2. As mentioned, turning those little arms inside out – too fiddly by half! It is much easier to stitch the outside, but I wouldn’t mind trying this pattern on a bigger scale with a sewing machine perhaps.

3. Take the time and get it straight! On my first go with the Aqua Bear I obviously was too excited and put those eyes on wonky 😛 The Blue Kitten was an improvement, but will have to keep an eye on that (boom-tish! “eye” on… geddit?!.. oh never mind…)

4. My new 20-35% wool and 80-65% rayon felt is sooooo much better, it makes all the difference in how the final product comes together. You can buy it at Benzie Design on Etsy.

These patterns are simple but they look great, I plan on investing in some more so I have a few projects I can go to where I can just enjoy the process of sewing without having to ‘create’ too much. If you want to create your own tiny teddies, there is plenty to choose from in Gingermelon’s Etsy shop!

How are your favourite pattern makers? I would love to find more patterns to try!

Hand Sewing Learning: Noialand Patterns

Since discovering the world of softies and the awesome creations you can hand make with felt, I have wanted to drive further into it. Having done some basic sewing, I was keen to learn some more techniques and found the cute creations of Noialand on Etsy to get me started.


I chose this pattern first because I wanted to know more about sewing the different leg lengths and having both a tall Peter Pan and a smaller Tinkerbell in the one pattern means I could try both at once. The pdf pattern Noialand provided is excellent quality with lots of coloured images and detailed instructions that are easy to follow. The only downside I can see is that it would take a lot of ink to print so I chose to only print the actual pattern pieces and referred to the instructions on the original pdf on my laptop when I started sewing.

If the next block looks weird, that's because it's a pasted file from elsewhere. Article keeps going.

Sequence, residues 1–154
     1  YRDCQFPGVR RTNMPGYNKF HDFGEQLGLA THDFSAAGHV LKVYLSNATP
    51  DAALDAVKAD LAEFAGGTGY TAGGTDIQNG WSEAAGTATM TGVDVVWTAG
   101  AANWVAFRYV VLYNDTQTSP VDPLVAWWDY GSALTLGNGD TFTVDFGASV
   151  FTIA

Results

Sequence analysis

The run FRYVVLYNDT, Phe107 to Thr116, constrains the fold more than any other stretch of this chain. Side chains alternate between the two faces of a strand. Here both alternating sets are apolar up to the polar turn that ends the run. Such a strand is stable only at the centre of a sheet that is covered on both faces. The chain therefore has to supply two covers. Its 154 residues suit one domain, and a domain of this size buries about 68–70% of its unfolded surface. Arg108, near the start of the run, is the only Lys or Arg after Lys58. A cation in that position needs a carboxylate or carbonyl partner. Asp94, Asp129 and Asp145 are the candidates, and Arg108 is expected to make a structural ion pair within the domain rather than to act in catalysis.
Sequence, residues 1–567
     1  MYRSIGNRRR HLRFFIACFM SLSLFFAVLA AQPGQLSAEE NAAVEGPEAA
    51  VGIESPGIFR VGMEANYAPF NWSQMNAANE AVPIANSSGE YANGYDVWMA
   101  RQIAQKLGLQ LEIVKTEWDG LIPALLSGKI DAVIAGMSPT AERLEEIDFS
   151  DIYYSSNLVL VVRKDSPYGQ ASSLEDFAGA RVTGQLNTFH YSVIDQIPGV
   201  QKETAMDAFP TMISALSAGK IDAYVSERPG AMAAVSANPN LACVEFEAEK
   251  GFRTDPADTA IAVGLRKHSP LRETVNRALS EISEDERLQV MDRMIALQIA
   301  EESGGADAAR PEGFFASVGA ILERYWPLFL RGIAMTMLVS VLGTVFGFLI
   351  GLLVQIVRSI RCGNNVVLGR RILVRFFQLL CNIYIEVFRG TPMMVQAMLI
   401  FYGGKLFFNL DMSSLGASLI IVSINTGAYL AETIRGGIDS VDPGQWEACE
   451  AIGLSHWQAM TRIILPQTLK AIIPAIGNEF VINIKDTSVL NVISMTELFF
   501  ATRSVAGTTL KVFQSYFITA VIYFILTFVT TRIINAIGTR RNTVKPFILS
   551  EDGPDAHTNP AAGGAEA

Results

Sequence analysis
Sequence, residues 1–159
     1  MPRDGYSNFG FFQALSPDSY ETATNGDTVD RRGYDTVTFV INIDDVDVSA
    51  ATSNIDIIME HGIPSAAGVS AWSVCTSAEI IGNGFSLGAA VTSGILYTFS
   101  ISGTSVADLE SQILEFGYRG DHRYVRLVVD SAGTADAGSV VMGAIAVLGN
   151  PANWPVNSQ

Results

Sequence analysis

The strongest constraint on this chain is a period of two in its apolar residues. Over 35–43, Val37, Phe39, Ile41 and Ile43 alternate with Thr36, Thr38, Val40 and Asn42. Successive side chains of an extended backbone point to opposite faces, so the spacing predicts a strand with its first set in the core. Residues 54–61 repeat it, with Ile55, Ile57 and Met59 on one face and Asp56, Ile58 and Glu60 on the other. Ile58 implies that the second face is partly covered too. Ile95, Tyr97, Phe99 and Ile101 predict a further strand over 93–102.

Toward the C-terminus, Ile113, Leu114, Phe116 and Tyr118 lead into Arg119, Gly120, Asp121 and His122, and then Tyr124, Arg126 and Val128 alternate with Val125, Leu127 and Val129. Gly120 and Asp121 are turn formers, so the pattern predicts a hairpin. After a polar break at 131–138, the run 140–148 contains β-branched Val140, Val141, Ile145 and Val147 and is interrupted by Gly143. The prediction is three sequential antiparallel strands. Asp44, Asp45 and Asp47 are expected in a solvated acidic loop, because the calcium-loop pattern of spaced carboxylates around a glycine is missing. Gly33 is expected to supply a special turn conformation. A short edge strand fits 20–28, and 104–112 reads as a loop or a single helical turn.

Fly away to Never Never Land my little pretties!

Fly away to Never Never Land my little pretties!


I really enjoyed sewing my first Noialand pattern, but I wanted to try one with some clothing and variation on the design, so the Beauty and The Beast pattern was perfect with his little jacket and her full dress and hair piece. Things definitely went faster knowing some of the techniques a bit better!

The Beast looks better thank usual since I never got around to making his beast mask - opps!

The Beast looks better thank usual since I never got around to making his beast mask – opps!

For my first foray into working from a pattern this small and learning all the techniques, I am very happy with how lovely they turned out! But there was obviously somethings that didn’t work so much.

Some of the issues I encountered - mainly related felt and my skills!

Some of the issues I encountered – mainly related felt and my skills!


1. I had bought a bundle of about 40 felt squares that was a combination of 60% wool and 40% viscose. It has a lovely soft feel but it a bit flimsy for this type of sewing, and as you can see on the Beast black pants, it split when in areas under pressure (holding in legs). It also became a bit ‘furry’ with strands coming up as I worked with it, so I am on the look out for some different felt.

2. Some of the edges were lumpy and not flat. I did some research and I think I am pulling the thread too tight, so I will try to be more delicate next time (pfft, me delicate!)

3. Wobbly heads! I followed the instructions and even looked at Noialand’s flickr page to try and see in detail how to do it but no such luck. Beauty looks like she has been on the champers and can’t hold her head up straight! I will persevere!

4. Peter Pan stabbed me a few times with his toes, so I had to turn the pipe cleaners over at each end to be safe. Wouldn’t be good to give to a small one and have them poke an eyes out!

I am so excited to start this journey! If you want to try your hand at hand stitching one of these cuties or one of the many others she has available, check out Noialand on Etsy.

What felt do you recommend when hand sewing your pieces? I’d love to know!